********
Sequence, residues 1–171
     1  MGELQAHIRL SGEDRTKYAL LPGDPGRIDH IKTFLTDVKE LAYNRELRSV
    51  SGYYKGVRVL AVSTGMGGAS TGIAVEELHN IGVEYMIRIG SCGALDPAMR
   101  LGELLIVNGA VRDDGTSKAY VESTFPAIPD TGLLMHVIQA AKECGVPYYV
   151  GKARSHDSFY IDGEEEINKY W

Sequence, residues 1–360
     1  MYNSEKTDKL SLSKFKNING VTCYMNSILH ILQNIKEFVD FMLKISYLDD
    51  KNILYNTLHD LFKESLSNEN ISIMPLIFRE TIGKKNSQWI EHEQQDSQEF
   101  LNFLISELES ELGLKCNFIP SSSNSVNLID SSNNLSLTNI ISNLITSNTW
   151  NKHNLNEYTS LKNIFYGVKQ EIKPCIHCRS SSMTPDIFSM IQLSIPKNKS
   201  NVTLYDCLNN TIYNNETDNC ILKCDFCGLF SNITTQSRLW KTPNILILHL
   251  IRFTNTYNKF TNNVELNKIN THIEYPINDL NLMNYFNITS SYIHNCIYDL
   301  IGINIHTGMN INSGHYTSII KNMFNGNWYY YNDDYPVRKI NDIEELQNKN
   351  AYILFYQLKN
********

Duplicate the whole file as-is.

Sequence, residues 1–171
     1  MGELQAHIRL SGEDRTKYAL LPGDPGRIDH IKTFLTDVKE LAYNRELRSV
    51  SGYYKGVRVL AVSTGMGGAS TGIAVEELHN IGVEYMIRIG SCGALDPAMR
   101  LGELLIVNGA VRDDGTSKAY VESTFPAIPD TGLLMHVIQA AKECGVPYYV
   151  GKARSHDSFY IDGEEEINKY W

Sequence, residues 1–360
     1  MYNSEKTDKL SLSKFKNING VTCYMNSILH ILQNIKEFVD FMLKISYLDD
    51  KNILYNTLHD LFKESLSNEN ISIMPLIFRE TIGKKNSQWI EHEQQDSQEF
   101  LNFLISELES ELGLKCNFIP SSSNSVNLID SSNNLSLTNI ISNLITSNTW
   151  NKHNLNEYTS LKNIFYGVKQ EIKPCIHCRS SSMTPDIFSM IQLSIPKNKS
   201  NVTLYDCLNN TIYNNETDNC ILKCDFCGLF SNITTQSRLW KTPNILILHL
   251  IRFTNTYNKF TNNVELNKIN THIEYPINDL NLMNYFNITS SYIHNCIYDL
   301  IGINIHTGMN INSGHYTSII KNMFNGNWYY YNDDYPVRKI NDIEELQNKN
   351  AYILFYQLKN